Krampus, Santa, folklore, tradition

Advent’s first day is already behind our back and the countdown until the Holy Night began. But before that, the day of Santa Claus (6th December) is the second most significant day, after Advent’s first Sunday, when we are waiting for our beloved Santa in his red cloak and with his enormous white beard. In many countries, including Hungary, Santa Claus does not visit the children alone, but with his sidekick, Krampus, whose duty is to give children with bad behaviour a “virgács” (birch sticks, funnily implying beating) as a sign of punishment. But the role of the Krampus was much different in the past.

The tradition of Santa Claus became well known in the 11th century, but he was paired up with Krampus only in the 17th century. Historians did still not find enough source on how Krampus became the sidekick of the good-hearted Santa Claus. Also, the origin of Krampus is hard to determine, but historians believe that its roots are in Christian and folklore traditions. According to Central European customs, Krampus is a horned, ungulate, black furred anthropomorphic figure described as “half-goat, half demon” who punishes children who have misbehaved. Its name comes from the German word Krampen, which means claw. Some say that Krampus is the replica of Odin, who is a god in Germanic mythology.

According to the tradition, Krampus’ original task was to take bad behaved children to the underworld. It also carried an iron chain (which symbolizes the captivity of evils) and a big bunch of ‘virgács’, not the small golden ones, but big ones which could cause real pain if he used it. Sometimes, there were also bells on his chain.

Krampus, children, Christmas, tradition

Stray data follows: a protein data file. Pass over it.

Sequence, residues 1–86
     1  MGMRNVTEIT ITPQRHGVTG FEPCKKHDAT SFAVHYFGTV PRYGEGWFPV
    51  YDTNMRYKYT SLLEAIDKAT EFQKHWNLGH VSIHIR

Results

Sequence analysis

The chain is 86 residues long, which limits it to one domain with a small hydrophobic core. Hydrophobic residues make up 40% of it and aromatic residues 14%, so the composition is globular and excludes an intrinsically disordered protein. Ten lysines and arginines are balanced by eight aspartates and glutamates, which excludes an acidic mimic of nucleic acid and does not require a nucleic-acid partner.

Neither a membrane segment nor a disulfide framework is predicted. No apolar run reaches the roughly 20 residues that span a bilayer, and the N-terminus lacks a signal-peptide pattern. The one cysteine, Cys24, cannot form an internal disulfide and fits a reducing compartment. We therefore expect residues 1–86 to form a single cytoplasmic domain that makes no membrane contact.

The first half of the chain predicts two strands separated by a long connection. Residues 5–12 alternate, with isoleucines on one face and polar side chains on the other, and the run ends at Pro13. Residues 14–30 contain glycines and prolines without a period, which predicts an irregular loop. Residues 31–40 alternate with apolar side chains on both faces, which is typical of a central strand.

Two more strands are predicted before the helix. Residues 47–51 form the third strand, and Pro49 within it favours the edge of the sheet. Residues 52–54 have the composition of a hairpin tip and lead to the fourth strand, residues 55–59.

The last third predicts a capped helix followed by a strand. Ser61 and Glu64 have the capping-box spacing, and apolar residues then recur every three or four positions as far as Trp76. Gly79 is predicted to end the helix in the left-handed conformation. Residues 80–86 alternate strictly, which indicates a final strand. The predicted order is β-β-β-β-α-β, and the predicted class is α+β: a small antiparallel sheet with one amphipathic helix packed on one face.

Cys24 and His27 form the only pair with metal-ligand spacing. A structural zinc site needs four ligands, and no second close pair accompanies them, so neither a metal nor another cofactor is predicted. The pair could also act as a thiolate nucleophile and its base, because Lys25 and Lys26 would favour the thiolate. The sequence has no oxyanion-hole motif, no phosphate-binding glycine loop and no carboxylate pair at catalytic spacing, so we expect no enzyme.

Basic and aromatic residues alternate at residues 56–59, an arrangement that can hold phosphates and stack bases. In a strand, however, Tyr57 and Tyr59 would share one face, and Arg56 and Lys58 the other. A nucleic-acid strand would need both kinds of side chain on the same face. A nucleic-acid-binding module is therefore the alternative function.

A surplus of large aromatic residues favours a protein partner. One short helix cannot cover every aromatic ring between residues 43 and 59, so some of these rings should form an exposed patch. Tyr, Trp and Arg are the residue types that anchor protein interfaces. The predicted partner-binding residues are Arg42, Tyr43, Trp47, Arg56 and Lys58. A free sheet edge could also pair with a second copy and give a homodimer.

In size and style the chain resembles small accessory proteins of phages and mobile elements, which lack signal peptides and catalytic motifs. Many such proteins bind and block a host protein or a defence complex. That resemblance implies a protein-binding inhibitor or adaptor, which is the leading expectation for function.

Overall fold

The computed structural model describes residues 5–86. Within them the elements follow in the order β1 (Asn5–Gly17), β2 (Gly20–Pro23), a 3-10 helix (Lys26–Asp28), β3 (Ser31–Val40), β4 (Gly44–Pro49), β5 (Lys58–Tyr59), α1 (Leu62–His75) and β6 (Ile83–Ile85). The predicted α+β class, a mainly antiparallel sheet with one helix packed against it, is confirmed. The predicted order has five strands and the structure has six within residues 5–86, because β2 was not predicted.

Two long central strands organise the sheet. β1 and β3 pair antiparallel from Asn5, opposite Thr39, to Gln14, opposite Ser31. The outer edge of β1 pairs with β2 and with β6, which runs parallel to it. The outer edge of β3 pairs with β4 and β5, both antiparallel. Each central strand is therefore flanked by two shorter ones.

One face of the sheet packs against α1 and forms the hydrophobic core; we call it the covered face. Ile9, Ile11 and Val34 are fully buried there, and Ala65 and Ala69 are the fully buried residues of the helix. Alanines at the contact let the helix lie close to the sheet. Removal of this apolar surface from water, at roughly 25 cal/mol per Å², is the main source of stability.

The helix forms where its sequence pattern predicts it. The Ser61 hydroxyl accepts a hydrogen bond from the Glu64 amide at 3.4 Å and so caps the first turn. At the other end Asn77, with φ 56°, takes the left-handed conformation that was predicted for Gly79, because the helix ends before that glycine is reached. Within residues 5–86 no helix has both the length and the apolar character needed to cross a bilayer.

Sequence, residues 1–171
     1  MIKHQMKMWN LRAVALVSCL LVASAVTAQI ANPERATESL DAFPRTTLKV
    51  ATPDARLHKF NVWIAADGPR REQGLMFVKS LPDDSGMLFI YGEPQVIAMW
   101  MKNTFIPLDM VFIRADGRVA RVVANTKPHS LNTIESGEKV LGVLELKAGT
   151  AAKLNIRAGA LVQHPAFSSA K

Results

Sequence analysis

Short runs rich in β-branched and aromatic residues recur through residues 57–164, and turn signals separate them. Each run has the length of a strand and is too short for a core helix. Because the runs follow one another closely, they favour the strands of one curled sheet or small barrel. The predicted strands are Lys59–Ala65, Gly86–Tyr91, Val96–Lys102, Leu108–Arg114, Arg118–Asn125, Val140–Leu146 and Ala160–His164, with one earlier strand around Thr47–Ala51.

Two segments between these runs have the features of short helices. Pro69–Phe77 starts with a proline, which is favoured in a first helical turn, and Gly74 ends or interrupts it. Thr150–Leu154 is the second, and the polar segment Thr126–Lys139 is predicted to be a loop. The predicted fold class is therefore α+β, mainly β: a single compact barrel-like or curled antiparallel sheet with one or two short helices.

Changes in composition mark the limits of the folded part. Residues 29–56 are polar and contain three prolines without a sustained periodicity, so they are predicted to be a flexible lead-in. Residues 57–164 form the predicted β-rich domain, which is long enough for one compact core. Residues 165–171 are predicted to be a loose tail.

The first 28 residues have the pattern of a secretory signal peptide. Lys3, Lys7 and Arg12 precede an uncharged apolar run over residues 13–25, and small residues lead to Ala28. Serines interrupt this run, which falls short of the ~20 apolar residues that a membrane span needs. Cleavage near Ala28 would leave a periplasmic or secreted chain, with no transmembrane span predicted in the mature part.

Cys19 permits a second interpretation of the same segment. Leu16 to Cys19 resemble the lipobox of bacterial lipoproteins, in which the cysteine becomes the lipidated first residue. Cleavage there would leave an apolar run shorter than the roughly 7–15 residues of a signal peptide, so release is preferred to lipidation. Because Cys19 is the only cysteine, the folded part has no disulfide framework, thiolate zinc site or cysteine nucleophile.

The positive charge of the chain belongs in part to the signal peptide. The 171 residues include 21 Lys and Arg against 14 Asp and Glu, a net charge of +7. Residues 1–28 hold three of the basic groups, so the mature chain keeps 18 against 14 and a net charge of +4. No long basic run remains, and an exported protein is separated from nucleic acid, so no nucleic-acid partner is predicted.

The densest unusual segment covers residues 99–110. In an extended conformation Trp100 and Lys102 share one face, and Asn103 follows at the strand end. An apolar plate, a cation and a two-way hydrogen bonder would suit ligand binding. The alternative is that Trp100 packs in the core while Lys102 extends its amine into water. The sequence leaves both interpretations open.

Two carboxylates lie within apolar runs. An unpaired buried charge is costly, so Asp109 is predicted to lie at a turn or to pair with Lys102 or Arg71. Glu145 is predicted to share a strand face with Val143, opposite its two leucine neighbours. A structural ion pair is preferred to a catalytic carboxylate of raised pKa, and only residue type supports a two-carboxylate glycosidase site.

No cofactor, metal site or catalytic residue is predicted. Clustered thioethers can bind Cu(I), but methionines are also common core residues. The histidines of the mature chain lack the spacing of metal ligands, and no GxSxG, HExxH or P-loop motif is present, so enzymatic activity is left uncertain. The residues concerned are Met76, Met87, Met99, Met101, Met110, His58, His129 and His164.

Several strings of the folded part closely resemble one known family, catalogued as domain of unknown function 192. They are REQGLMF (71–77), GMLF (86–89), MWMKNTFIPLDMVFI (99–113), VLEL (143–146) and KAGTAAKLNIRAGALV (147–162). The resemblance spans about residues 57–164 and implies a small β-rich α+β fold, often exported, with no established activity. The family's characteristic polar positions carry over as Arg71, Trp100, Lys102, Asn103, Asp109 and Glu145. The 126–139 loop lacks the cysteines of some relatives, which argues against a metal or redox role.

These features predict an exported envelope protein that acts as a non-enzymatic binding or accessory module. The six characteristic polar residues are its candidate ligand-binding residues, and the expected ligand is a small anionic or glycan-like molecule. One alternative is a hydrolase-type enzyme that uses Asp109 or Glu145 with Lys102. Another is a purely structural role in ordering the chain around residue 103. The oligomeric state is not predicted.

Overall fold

Photo: Wikimedia Commons

Krampus was a horned, dark-furred or black demonic creature with enormous tusks and a big pointed tongue. He accompanied Santa Claus and walked with him from door to door, although there are some cases when he visited children alone. While walking on the street from one house to the other he frightened children by shaking his chain. Christian religion believes that the body of Krampus consisted of dead souls, which made him equal with the devil itself.

Children in Styria (Austria) were in the worst situation, because not only Krampus visited them on the 6th of December, but he was often accompanied by his evil and frightening fellows. Santa Claus did not visit children in this case. These evil fellows were described as Schabmänner or Rauhen in German.

In Styria and some parts of Germany, even postcards (Krampuskarten) were made, which showcased the moment when Krampus took away a badly-behaved child in his bag to the underworld. These images were extremely terrifying. On the back of every postcard, a short poem can be read. Krampuskarten are still made today, but they are less frightening then they used to be. They usually feature friendly caricatures of Krampuses.


In Germany, there are written documents from the 16th century that describe these horned demonic creatures as they appear from their hidden place on the dawn of 6th December. No wonder that the tradition of Krampuses comes from German countries, especially from Austria. The other European countries took the tradition of Krampus from these countries. There is, however, a slight difference: it is Santa Claus who is always accompanied by Krampus, and while he only deals with the well-behaved children, his sidekick deals with the bad-behaved children.

In Austria, especially in the Alpine region, Krampusnacht (Krampus’ night) is still a living tradition, which recreates the night (in Austria 5th December) when these demonic creatures appear on the streets and visit children alone or accompanied by Santa. On this night, in little villages and towns, residents dress up in traditional Krampus costumes and walk together on the streets.

Santa Claus is accompanied by Krampus in many European countries, including Hungary. Although their evil and frightening past is not emphasized anymore, and they do not take badly-behaved children to the underworld. Still, the lightened story of Krampus is still an effective method for parents to warn their children that, if they going to behave badly, they only going to get a ‘virgács’ from him, instead of the presents from Santa.

krampus, christmas, tradition

Featured image: Wikimedia Commons

Source: Wikipedia,

Leave a Reply

Your email address will not be published.